Among the existing extrajudicial grievance mechanisms, it is worth mentioning the Spanish National Contact Point of the OECD Guidelines for multinational companies.
Furthermore, the Labor and Social Security Inspectorate of the Ministry of Employment and Social Security can provide arbitration, conciliation and mediation services for parties affected by labor disputes, when the parties agree to this process.
In relation to human rights abuses caused by companies, if there is, or might be, a presumed irregular action by the Public Administration, any citizen can go to the Ombudsman and demand their intervention.
“The Monitoring Commission will carry out a study on the current regulatory body, the mechanisms of extrajudicial claim for the receipt of complaints and mediation along the existing parties and the possible needs expressed by them. Within one year from the approval of this Plan, and based on the recommendations derived from the aforementioned study, recommendations may be made on the extension of existing extrajudicial mechanisms or on the creation of new ones in accordance with the criteria established in Principle No. 31.”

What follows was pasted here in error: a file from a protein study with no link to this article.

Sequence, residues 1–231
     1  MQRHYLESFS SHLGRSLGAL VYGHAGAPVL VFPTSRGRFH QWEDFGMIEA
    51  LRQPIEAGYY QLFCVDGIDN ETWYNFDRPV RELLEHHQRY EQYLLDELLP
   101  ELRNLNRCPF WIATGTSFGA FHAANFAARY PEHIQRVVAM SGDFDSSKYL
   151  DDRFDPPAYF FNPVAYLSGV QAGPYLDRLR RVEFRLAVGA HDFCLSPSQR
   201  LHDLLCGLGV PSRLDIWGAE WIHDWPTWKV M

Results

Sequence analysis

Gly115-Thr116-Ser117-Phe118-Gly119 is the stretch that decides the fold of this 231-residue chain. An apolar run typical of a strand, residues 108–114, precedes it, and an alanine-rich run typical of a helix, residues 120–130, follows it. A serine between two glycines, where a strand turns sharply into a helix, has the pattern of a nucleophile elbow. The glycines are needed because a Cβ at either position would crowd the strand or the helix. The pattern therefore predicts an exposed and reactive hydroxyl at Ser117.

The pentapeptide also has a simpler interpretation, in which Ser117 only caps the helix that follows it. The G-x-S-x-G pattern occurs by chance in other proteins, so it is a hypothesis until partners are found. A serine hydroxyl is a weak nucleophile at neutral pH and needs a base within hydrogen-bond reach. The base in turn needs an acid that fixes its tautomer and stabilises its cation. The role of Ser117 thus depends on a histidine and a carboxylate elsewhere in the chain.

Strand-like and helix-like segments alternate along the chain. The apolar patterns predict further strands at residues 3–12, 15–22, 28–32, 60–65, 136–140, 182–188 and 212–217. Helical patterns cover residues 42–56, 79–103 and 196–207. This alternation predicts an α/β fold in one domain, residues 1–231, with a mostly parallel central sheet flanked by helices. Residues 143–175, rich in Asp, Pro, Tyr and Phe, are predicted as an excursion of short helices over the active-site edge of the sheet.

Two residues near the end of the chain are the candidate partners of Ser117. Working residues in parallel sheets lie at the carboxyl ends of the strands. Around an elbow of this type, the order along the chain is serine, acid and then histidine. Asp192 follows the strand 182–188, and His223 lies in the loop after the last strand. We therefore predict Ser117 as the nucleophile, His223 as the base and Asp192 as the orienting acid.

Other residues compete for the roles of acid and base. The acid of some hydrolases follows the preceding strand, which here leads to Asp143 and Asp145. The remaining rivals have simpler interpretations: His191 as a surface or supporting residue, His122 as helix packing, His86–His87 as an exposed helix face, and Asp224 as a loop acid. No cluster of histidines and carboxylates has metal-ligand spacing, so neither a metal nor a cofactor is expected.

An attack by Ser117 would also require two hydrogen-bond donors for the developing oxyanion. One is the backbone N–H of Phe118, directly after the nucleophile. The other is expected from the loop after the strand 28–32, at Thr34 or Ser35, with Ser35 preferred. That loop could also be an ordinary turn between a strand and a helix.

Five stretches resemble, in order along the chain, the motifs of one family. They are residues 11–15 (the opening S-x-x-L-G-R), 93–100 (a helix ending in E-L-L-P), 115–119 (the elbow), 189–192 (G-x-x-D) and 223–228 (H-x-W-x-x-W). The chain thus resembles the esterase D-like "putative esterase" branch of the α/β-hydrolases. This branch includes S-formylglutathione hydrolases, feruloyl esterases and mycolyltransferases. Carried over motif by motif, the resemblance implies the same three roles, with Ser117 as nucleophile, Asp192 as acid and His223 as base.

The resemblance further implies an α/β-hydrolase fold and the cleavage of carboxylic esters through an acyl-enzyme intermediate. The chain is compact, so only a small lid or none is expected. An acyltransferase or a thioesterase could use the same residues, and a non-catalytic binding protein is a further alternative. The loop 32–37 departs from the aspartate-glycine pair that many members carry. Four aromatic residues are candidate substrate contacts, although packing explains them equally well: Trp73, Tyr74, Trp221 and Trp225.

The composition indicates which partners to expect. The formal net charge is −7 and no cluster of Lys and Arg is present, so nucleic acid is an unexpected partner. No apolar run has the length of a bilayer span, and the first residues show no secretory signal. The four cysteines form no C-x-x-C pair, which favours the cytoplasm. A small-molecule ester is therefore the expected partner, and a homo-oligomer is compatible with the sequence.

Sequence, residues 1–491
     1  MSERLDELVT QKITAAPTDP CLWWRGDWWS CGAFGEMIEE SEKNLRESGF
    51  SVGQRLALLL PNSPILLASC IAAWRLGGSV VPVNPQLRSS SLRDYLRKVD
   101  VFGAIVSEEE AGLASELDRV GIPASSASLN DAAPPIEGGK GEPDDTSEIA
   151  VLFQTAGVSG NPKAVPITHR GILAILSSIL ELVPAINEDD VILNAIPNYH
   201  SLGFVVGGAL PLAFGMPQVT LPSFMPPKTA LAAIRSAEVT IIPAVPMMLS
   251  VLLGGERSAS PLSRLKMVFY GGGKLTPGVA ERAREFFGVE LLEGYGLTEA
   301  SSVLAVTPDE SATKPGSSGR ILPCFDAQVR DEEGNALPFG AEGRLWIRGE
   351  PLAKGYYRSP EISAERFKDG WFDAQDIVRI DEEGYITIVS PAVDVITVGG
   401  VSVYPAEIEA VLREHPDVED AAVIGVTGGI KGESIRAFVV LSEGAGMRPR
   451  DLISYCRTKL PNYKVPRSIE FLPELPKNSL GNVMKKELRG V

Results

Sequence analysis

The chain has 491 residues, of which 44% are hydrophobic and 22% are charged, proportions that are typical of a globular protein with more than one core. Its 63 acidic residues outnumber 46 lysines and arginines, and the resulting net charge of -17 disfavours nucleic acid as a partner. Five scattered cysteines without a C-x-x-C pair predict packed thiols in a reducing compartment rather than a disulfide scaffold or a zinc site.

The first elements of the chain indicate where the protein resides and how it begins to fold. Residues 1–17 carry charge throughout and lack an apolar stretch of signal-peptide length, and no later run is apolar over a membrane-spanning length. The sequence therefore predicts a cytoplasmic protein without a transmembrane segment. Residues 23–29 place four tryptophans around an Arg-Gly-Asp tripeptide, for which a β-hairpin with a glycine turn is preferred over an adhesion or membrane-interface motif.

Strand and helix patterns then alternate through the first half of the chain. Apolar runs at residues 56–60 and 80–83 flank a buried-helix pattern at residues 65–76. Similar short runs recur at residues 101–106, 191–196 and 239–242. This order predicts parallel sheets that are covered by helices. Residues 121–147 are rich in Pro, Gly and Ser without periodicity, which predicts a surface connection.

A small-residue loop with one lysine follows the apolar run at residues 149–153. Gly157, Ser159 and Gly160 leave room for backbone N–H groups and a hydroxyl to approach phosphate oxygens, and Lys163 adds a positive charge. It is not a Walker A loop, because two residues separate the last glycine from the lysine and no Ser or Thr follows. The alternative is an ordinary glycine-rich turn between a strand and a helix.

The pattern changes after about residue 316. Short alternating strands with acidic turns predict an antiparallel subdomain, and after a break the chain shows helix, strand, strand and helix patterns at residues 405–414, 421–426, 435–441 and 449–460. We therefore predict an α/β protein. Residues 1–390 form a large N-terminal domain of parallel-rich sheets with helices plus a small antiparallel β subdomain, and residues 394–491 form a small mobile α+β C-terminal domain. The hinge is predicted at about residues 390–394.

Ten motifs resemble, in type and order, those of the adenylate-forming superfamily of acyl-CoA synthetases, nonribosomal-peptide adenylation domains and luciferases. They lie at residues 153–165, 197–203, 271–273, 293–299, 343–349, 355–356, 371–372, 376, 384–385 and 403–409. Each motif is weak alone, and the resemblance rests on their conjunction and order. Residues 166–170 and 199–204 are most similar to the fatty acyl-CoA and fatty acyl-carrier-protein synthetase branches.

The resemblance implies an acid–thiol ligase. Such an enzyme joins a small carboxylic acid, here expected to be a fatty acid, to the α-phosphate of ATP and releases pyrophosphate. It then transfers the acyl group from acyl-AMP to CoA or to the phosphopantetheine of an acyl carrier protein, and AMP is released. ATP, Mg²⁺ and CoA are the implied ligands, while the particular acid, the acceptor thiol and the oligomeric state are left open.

Guiding Principle 28
“The Government will promote the development of practical guides and compile good practices on the establishment of grievance mechanisms managed by companies themselves that respect the criteria identified in Guiding Principle 31.”
Guiding Principle 30
“The Government will support the development of effective mechanisms for access to remedy in the collaborative mechanisms it participates in in accordance with the criteria identified in Guiding Principle 31.”
“The Government will publish the recommendations that are appropriate for the companies to establish or participate in the effective operational level grievance mechanisms available to the individuals affected by their negative consequences.”
3 Access to remedy [page 15-17]
Legal remedies provided by the State
“According to the UN Guiding Principles, States have an obligation to provide effective remedies when a company has committed human rights abuses. These include both judicial and non-judicial mechanisms. …
The different ombudsmen monitor compliance with human rights. Any person who feels that they or anyone else has been treated incorrectly or unfairly by a public authority or official at a central or local government authority can lodge a complaint with the Parliamentary Ombudsmen, also known as the Ombudsmen for Justice. …